After paired t test was applied to the data of enamel Ra to compare the averages, [Table 1], [Figure 7], it was possible to observe that, although the average had decreased after the treatment, (X before - X after = 0.014 ± 0.017 mm), there was no statistically significant difference between the Ra before and after the treatment (P = 0.135).

Paired t test was then applied to the data of enamel Rsk to compare the averages, [Table 1], [Figure 8], and it was possible to observe a statistically significant difference between the Rsk before and after the treatment (P = 0.003). As this differencewas positive, (X before - X after = 1.021 ± 0.356 mm), it is possible to state that the Rsk is lower after the treatment.

When paired t test was applied to the resin Ra data in order to compare the averages, it was possible to observe that, although the Ra had decreased after the treatment, (X before - X after = 0.036 ± 0.077 mm), there is no statistically significant difference between the Ra before and after the treatment (P = 0.352).

The application of paired t test to compare the averages of the resin Rsk data showed statistically significant difference between the Rsk before and after the treatment (P = 0.002). As this difference was positive, (Xbefore Xafter = 3.918 ± 1.189 mm), it is possible to state that the Rsk is lower after the treatment.

The photomicrographs and the profilometric images of the restorations showed that there were no alterations of the interface between enamel-restorative material after the bleaching treatment. On surface treatment with hydrogen peroxide, it was possible to observe the surface plaining with decrease in the wavy irregularities and pores appearing in isolated regions.

The images of composite resin restorations obtained through profilometric analysis and SEM showed no alterations of their surfaces after the bleaching treatment.


   Discussion Top


Contrary to the samples analyzed under SEM, the samples to be analyzed in the profilometer need no special preparation, such as desiccation and metallization. Thus, the image obtained through profilometric analysis is not influenced by any previous procedure. [8] The association of the two imaging techniques, as performed in this present study, permitted the profilometric analysis quantitative data to be complemented by the SEM qualitative data.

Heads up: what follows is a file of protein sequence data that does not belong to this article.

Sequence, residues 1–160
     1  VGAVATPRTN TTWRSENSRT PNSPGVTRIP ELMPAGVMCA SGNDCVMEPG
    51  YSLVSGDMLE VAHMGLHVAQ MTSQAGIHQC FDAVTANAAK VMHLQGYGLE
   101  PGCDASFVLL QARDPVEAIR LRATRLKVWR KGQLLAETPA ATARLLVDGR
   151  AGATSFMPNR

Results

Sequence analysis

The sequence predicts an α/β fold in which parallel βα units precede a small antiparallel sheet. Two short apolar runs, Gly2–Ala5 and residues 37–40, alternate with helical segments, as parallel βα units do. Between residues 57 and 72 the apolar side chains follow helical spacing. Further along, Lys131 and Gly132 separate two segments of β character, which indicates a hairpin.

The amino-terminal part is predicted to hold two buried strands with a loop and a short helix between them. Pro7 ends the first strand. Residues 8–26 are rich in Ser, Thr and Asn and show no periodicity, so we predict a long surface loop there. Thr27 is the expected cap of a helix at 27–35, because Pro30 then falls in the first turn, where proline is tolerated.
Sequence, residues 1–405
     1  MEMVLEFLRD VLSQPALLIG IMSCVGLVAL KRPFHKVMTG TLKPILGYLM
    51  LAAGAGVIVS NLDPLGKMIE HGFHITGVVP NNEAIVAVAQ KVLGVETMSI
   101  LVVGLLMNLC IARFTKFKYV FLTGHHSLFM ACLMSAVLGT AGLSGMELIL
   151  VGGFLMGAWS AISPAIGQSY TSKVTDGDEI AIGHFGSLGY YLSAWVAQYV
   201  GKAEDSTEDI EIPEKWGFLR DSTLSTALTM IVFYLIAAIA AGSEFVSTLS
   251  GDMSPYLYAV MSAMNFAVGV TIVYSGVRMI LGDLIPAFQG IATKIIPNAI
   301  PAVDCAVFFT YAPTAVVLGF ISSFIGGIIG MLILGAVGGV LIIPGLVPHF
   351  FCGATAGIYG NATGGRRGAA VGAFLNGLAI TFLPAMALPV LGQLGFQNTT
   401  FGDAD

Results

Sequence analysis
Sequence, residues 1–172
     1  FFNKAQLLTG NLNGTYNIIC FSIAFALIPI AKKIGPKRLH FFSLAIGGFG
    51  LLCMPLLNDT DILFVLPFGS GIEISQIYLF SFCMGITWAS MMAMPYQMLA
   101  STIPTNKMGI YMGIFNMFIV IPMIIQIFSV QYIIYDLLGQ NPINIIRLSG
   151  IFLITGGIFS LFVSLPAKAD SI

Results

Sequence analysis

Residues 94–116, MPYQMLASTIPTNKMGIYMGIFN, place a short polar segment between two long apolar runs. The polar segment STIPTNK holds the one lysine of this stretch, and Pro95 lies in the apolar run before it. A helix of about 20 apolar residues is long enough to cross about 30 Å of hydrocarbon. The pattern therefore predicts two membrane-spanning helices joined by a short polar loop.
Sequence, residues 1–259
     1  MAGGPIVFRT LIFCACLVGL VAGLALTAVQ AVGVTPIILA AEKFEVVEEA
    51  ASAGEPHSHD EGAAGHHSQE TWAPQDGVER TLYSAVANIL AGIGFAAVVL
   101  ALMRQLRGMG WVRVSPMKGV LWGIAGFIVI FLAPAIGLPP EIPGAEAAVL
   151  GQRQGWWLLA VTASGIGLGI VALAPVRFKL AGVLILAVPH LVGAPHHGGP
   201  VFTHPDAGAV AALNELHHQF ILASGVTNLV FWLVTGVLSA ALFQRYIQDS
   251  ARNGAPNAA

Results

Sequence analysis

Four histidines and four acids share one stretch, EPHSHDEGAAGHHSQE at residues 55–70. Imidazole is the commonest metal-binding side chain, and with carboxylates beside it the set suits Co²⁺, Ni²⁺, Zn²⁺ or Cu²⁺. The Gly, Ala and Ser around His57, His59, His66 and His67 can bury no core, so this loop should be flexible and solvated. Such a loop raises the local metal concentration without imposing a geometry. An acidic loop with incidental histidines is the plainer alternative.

Among the various types of roughness parameters, only the data from Ra and Rsk would provide relevant information. The Ra shows the average between the peaks and depressions of the surface, and the higher its score the more remarked the roughness will be. The Rsk shows the predominance of peaks or depressions on the surface, where the depressions are featured with negative scores and the peaks with positive scores. The latter parameter becomes quite relevant considering that an area which features a predominance of depressions tends to accumulate a larger amount of materials on its surface. In the case of dental fillings and dental enamel, it is possible to theorize that the alterations which lead to a rise in Ra as well as to Rsk negative score may cause a greater accumulation of food remainders and bacterial plaque on their surfaces.

In the images obtained through SEM it is possible to observe enamel alterations after the treatment with 35% hydrogen peroxide. There were small orifices in some regions indicating an erosive effect of the bleaching agent upon the surface. There was also a decrease in the surface Rsk associated with the orifices. These data are compatible with those found in the profilometric analysis; the score of the enamel Ra after the treatment showed no statistically significant variation, however, there was a downward trend. The Rsk scores showed a statistically significant decrease that indicates a rise in the ratio of depressions to peaks, considering the material topography. This finding showed to be compatible with the orifices featured in the SEM images.

McGuckin et al., [15] used solutions of 10% carbamide peroxide and 30% hydrogen peroxide onto the enamel surfaces of human premolar teeth, and observed them under SEM and through the profilometer. The images showed that the carbamide peroxide caused a decrease in the enamel superficial roughness scores. In the teeth treated with hydrogen peroxide, rougher and more conditioned surfaces were observed due to the acid etching performed before the treatment. Ben-Amar et al. [16] also observed an increase in the enamel smoothness after the treatment with 10% carbamide peroxide, besides the presence of pores in some specific areas. These findings are in accordance with those obtained in the present study.